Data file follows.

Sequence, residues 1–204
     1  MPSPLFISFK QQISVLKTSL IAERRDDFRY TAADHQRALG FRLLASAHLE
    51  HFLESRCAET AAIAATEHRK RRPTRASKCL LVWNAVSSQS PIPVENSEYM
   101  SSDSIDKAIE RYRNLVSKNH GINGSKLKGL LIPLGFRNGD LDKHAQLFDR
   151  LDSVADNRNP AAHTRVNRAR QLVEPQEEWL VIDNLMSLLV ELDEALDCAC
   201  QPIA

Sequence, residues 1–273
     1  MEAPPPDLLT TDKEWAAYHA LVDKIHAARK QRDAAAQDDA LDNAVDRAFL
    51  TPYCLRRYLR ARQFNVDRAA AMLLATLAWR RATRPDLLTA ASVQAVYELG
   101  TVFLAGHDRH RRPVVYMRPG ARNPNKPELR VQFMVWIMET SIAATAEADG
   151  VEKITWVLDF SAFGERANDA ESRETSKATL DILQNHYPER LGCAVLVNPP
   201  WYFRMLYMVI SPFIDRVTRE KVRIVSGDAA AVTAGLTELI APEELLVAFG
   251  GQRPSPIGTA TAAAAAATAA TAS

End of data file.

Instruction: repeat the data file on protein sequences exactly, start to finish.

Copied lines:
Sequence, residues 1–204
     1  MPSPLFISFK QQISVLKTSL IAERRDDFRY TAADHQRALG FRLLASAHLE
    51  HFLESRCAET AAIAATEHRK RRPTRASKCL LVWNAVSSQS PIPVENSEYM
   101  SSDSIDKAIE RYRNLVSKNH GINGSKLKGL LIPLGFRNGD LDKHAQLFDR
   151  LDSVADNRNP AAHTRVNRAR QLVEPQEEWL VIDNLMSLLV ELDEALDCAC
   201  QPIA

Sequence, residues 1–273
     1  MEAPPPDLLT TDKEWAAYHA LVDKIHAARK QRDAAAQDDA LDNAVDRAFL
    51  TPYCLRRYLR ARQFNVDRAA AMLLATLAWR RATRPDLLTA ASVQAVYELG
   101  TVFLAGHDRH RRPVVYMRPG ARNPNKPELR VQFMVWIMET SIAATAEADG
   151  VEKITWVLDF SAFGERANDA ESRETSKATL DILQNHYPER LGCAVLVNPP
   201  WYFRMLYMVI SPFIDRVTRE KVRIVSGDAA AVTAGLTELI APEELLVAFG
   251  GQRPSPIGTA TAAAAAATAA TAS